“Parachute” slowed it down and had us all dancing, while their rendition of their recently released cover of “Torn” sparked more singing again. The final chorus had Ben extending the microphone to the crowd, as if reaching out to the heavens; being met with a beautiful angelic chorus of voices sending the words straight back at him.
A gigantic siren then rang throughout the room, seemingly preparing us for war as the opening bars of “Happy Judgement Day” got the song going. Looking back at it from the next day, this show was ridiculous. Literally EVERY song had everyone in the room seemingly singing along. It was deafeningly beautiful in a way, and was really special to be in a room like this where all the songs meant so much to the audience.
“Kali Ma” got everyone bouncing in an earth-shaking display of enthusiasm, and was so loud that I’m confident Ben could have got through the whole song without singing a single note. They then moved onto the first song Neck Deep had ever written and released – “What Did You Expect”; a cheeky attempt to weed out who the OG fans were. It worked perfectly in their favour however, as it seemed like everyone knew it anyway. “Citizens of Earth” and “Don’t Wait” brought out the heavy-side of Neck Deep and had the big double finger-point singalongs flying out between all the moshing. I was curious as to whether or not someone else would come up on stage to do Sam Carter’s part of “Don’t Wait”, but was overjoyed when Ben himself simply pulled out some very impressive scream vocals. This was when everything got really real for a while, and it was amazing.
Ben took a second to talk about relationships and emotion, and how special their music is to them. He said that this next song in particular has been a big one for all of them personally. As they all launched into “December” it was clear how special this is; not just to the audience, but to the band as well. Officially the biggest singalong of the night, everyone danced and grooved to the raw rocky version of the song as emotion flowed out everywhere. Sad people united and enjoyed one of the emo anthems of the last decade together as one. It was incredibly special, and there was still more to come.
Ben grabbed himself a glass of wine, and began to tell some stories. He talked about their time as a band, and how special their music was to them. He described music as an escape, and to have the sad songs they write mean so much to so many people all around the world was the most special thing in the world. “If you’re ever down and out, don’t worry. We’ll always be there on the other end of the speaker, or the headphones. If you’ve got no one to talk to, just put on a Neck Deep record.” The whole thing was so sincere and genuine, I felt incredibly lucky to have been able to witness this. A gigantic chant of “NECK DEEP” broke out, and Ben and the band stood there and took it all in together.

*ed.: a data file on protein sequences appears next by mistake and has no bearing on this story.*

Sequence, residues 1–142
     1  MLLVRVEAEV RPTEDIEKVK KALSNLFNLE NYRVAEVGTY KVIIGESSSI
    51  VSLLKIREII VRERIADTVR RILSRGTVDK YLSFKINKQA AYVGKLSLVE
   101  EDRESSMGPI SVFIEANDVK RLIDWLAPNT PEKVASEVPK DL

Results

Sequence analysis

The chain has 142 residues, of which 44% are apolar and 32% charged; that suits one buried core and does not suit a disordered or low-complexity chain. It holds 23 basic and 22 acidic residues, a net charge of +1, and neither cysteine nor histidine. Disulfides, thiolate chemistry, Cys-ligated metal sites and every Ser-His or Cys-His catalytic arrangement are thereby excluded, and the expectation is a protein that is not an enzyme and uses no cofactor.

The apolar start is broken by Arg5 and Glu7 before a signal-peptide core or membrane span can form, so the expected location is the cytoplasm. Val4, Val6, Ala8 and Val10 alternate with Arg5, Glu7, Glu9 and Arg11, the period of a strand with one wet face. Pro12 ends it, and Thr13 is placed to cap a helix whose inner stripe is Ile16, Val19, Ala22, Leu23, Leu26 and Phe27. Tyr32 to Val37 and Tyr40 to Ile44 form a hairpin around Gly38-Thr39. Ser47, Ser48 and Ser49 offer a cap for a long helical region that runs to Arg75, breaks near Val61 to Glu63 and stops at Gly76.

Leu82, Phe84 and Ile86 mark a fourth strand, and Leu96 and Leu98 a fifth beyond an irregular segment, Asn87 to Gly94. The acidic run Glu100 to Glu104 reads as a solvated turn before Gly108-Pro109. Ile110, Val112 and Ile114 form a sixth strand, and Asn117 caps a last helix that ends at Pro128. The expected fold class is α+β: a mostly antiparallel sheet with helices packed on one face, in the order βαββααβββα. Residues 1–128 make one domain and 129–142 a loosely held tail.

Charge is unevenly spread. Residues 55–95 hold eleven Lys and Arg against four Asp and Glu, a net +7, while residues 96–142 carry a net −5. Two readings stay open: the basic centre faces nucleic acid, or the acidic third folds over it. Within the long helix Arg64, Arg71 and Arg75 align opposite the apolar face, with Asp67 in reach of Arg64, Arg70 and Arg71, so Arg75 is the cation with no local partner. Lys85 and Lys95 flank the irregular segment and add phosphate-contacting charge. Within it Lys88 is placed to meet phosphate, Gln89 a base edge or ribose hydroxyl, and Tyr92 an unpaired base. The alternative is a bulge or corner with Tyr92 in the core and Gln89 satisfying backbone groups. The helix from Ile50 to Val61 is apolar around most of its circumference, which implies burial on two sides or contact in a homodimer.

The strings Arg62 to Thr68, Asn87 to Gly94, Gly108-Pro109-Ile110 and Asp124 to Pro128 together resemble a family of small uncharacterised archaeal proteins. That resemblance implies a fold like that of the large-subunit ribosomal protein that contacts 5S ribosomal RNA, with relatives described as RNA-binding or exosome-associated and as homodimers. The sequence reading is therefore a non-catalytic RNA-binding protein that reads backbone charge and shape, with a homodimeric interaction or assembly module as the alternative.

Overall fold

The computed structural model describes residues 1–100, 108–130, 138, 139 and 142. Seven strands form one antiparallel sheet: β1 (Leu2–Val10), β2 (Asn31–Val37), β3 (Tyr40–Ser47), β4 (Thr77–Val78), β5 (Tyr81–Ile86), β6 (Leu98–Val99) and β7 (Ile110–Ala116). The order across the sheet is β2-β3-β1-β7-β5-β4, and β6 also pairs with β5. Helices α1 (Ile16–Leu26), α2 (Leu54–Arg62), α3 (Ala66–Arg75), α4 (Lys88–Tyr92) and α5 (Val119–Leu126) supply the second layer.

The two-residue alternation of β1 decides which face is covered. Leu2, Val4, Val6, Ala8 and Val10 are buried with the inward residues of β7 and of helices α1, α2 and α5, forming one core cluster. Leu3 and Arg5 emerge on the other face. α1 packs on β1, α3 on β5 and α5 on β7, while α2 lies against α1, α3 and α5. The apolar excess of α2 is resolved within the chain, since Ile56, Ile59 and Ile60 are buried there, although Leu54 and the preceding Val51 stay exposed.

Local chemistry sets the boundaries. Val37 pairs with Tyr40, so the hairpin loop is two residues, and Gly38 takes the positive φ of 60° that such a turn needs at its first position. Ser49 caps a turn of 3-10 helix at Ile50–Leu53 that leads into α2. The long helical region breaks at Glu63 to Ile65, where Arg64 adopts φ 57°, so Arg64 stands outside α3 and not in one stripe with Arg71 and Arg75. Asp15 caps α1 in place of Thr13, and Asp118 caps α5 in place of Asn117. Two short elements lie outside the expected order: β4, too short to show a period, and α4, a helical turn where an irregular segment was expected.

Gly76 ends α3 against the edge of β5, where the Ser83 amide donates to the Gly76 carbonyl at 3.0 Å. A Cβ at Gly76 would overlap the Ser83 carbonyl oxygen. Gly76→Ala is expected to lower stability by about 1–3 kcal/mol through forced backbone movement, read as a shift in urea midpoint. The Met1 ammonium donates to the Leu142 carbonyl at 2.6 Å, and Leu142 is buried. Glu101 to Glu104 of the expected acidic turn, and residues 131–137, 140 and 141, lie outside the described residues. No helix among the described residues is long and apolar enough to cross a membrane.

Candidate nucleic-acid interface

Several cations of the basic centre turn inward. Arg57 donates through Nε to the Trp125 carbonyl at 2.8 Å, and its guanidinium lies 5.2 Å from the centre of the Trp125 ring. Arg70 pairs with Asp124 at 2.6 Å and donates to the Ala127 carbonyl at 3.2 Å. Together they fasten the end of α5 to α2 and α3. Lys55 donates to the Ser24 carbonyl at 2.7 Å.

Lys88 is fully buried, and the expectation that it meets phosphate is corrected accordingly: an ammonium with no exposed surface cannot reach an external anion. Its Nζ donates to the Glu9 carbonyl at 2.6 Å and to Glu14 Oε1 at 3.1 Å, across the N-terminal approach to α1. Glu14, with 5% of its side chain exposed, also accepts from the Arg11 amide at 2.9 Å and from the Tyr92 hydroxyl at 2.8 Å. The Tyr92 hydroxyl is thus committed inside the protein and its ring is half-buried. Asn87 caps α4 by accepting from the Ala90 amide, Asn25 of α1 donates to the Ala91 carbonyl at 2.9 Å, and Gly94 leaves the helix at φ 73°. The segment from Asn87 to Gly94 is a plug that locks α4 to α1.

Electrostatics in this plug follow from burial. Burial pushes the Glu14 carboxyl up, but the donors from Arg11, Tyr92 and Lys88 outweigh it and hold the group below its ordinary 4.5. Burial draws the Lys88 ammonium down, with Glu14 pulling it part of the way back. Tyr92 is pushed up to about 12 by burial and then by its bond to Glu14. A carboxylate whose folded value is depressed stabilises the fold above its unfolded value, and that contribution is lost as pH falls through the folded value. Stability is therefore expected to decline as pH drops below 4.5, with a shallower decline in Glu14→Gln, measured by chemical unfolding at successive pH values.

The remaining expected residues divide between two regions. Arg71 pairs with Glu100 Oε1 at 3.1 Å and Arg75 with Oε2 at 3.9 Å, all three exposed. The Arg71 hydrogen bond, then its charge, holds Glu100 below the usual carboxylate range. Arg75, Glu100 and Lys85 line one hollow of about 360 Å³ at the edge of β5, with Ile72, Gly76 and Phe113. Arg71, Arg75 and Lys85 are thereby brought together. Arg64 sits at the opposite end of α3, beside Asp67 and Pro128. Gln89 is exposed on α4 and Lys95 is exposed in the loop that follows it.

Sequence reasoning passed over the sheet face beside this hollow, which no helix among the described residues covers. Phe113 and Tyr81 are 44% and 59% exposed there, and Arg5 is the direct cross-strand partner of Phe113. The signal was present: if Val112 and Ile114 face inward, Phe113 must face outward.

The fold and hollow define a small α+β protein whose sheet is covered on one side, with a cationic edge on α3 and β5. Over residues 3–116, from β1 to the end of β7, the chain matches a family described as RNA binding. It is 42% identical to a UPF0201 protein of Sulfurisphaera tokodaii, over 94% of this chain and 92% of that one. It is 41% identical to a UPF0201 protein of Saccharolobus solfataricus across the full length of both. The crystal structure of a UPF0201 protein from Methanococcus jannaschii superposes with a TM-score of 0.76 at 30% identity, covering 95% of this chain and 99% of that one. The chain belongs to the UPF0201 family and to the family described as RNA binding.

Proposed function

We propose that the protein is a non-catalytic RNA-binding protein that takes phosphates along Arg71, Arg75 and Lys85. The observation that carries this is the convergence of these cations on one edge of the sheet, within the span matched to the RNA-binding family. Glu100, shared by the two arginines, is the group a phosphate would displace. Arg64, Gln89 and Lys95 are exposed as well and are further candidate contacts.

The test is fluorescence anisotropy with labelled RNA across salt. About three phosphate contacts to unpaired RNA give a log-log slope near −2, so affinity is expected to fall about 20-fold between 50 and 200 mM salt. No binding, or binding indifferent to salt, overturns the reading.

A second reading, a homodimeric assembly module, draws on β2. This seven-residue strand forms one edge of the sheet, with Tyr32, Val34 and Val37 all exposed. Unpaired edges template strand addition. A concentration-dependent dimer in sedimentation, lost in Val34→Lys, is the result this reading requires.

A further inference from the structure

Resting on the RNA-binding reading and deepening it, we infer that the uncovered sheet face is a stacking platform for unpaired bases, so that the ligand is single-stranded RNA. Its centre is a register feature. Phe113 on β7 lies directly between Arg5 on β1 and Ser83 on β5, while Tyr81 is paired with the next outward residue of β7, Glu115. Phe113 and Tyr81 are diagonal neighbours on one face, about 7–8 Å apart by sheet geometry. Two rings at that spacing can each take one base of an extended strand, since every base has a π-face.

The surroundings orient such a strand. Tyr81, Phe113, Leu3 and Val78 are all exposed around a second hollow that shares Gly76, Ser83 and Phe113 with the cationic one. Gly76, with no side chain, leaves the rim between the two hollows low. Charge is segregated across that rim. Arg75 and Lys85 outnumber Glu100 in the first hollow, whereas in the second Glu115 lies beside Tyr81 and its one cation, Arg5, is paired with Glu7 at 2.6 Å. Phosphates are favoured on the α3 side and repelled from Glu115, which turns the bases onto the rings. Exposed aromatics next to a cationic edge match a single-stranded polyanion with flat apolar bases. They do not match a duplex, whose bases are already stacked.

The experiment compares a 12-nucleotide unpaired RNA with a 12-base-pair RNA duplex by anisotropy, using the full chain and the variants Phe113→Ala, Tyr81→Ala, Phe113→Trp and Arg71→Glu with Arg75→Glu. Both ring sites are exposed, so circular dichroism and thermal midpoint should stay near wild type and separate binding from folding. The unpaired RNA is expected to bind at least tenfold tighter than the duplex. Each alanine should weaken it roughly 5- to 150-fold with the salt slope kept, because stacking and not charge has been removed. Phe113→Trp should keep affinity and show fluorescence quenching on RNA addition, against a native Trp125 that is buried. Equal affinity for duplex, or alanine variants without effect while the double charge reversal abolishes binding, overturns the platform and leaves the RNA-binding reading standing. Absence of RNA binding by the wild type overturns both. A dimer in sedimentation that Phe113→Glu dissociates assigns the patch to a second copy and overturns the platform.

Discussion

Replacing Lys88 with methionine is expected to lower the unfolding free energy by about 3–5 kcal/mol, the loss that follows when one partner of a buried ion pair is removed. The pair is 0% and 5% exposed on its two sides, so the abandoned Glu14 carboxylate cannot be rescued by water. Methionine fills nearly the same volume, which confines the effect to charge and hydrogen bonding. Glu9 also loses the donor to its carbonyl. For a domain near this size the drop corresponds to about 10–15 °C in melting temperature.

Getting back into the music, they played “Candour”, which Ben shared was written right before his fathers passing. Slow, sad, and atmospheric, it’s a beautiful story about the life of his father and how much he meant to Ben. Everyone in the room happily joined in, serenading him with the beautiful words that he himself had written. Violin and piano rang through the room, heading the song on a beautiful high note.
Ben got himself another glass of wine before announcing that “it’s storytime”. He told a story of life, love, family, friends, and death, and talked about how his parents met. It was a classic story of two people meeting at the local dance and talking the night away, but with a twist: His Dad was engaged to be married to someone he despised, and as he talked about that his mother jokingly said “I’d save you if I could”. It was just a joke, but six weeks after that they were married, and would stay married for the next forty years.
Ben talked about how amazing things like that were, and how they don’t happen anymore and it’s awful. He talked about how bullshit love is now, and how people need to step away from their phones and open up their eyes to what is in front of them, because the person they spend the rest of their lives with could be next to them right now. In saying all that, they got the music going again, launching into “19 Seventy Sumthin'”, in what was one of the catchiest and wholesome songs of the evening. As the rest of the band sang and danced around him, Ben stood still and hugged the mic stand with his eyes closed as he sang.
Ben then said that amongst all that sadness he had forgotten to say that this one was their ‘last song’. They then went on to take the piss out of encores for a solid 2 minutes, sarcastically saying that “see you guys don’t even care cause you know it isn’t true.” But with that, he described the next one as the most important and special Neck Deep song that they’ve ever written. Without further ado “In Bloom” took hold of 170 Russell. Ear-numbing singalongs, dancing, bouncing, crowd-surfing, and the overwhelming beauty of what had taken place this evening was all too much. Tears were being shed everywhere around me, and it was incredibly special.
Neck Deep left stage, and that was that… for about 2 minutes.
Running back on stage, Ben said that they couldn’t just end on a solemn note like that, so they were back to have some fun. “Can’t Kick Up The Roots” brought back the bouncy and upbeat pace of Neck Deep that we all know and love. Guitarist Matt West sprinted around stage punching and kicking the air, as Ben bounced and two-stepped through the instrumental joy that is this song. Coming to an end and preparing to play their actual last song, they took a second to get their tour manager out on stage and talked about how much they loved him. They poured out a shoey for him, and enjoyed a big group hug before finishing the night by playing “Where Do We Go When We Go”. A huge happy singalong, it was a wonderful note to end the set on.
This was incredibly special, and not just to me, but to everyone that was there in that room. It is rare that anything can affect that many people like that in one place, but Neck Deep were able to do it with ease. Music does that to people, it picks them up when they’re down, and it’s always there when they have no one else. Neck Deep are a big symbol for that musical emotional connection, touching the lives of hundreds of thousands of people over the years. Nothing else can do that like music can, and I feel privileged to have been able to witness the beauty that was present at 170 Russell last night.